Recent policy interest in tying student learning to teacher evaluation has led to growing use of value-added methods for assessing student learning gains linked to individual teachers. VAM analyses rely on complex assumptions about the roles of schools, multiple teachers, student aptitudes and efforts, homes and families in producing measured student learning gains. This article reports on analyses that examine the stability of high school teacher effectiveness rankings across differing conditions. We find that judgments of teacher effectiveness for a given teacher can vary substantially across statistical models, classes taught, and years. Furthermore, student characteristics can impact teacher rankings, sometimes dramatically, even when such characteristics have been previously controlled statistically in the value-added model. A teacher who teaches less advantaged students in a given course or year typically receives lower effectiveness ratings than the same teacher teaching more advantaged students in a different course or year. Models that fail to take student demographics into account further disadvantage teachers serving large numbers of low-income, limited English proficient, or lower-tracked students. We examine a number of potential reasons for these findings, and we conclude that caution should be exercised in using student achievement gains and value-added methods to assess teachers’ effectiveness, especially when the stakes are high.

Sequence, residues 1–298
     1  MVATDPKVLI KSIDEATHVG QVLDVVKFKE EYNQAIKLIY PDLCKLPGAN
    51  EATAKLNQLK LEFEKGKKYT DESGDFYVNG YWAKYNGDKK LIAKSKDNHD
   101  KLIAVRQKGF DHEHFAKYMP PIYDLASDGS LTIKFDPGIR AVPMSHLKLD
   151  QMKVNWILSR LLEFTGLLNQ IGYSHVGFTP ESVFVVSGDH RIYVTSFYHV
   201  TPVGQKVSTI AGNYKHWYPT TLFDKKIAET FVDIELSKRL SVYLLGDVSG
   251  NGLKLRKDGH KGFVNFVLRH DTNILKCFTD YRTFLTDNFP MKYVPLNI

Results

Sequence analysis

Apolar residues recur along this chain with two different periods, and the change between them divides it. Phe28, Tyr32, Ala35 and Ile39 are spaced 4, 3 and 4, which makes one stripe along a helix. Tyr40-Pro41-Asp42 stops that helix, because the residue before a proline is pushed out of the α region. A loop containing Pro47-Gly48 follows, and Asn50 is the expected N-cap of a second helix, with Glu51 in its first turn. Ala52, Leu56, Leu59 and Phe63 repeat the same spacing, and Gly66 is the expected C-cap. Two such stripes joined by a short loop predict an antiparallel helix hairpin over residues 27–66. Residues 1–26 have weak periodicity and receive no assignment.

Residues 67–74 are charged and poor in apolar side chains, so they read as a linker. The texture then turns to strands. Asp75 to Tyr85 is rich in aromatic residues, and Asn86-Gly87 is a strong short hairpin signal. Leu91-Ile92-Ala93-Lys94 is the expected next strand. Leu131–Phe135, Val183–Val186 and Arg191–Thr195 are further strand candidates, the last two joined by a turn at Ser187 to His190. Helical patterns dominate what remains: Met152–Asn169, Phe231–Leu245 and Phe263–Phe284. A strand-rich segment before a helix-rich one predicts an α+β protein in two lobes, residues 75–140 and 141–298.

teacher evaluation, value-added modeling, teacher effectiveness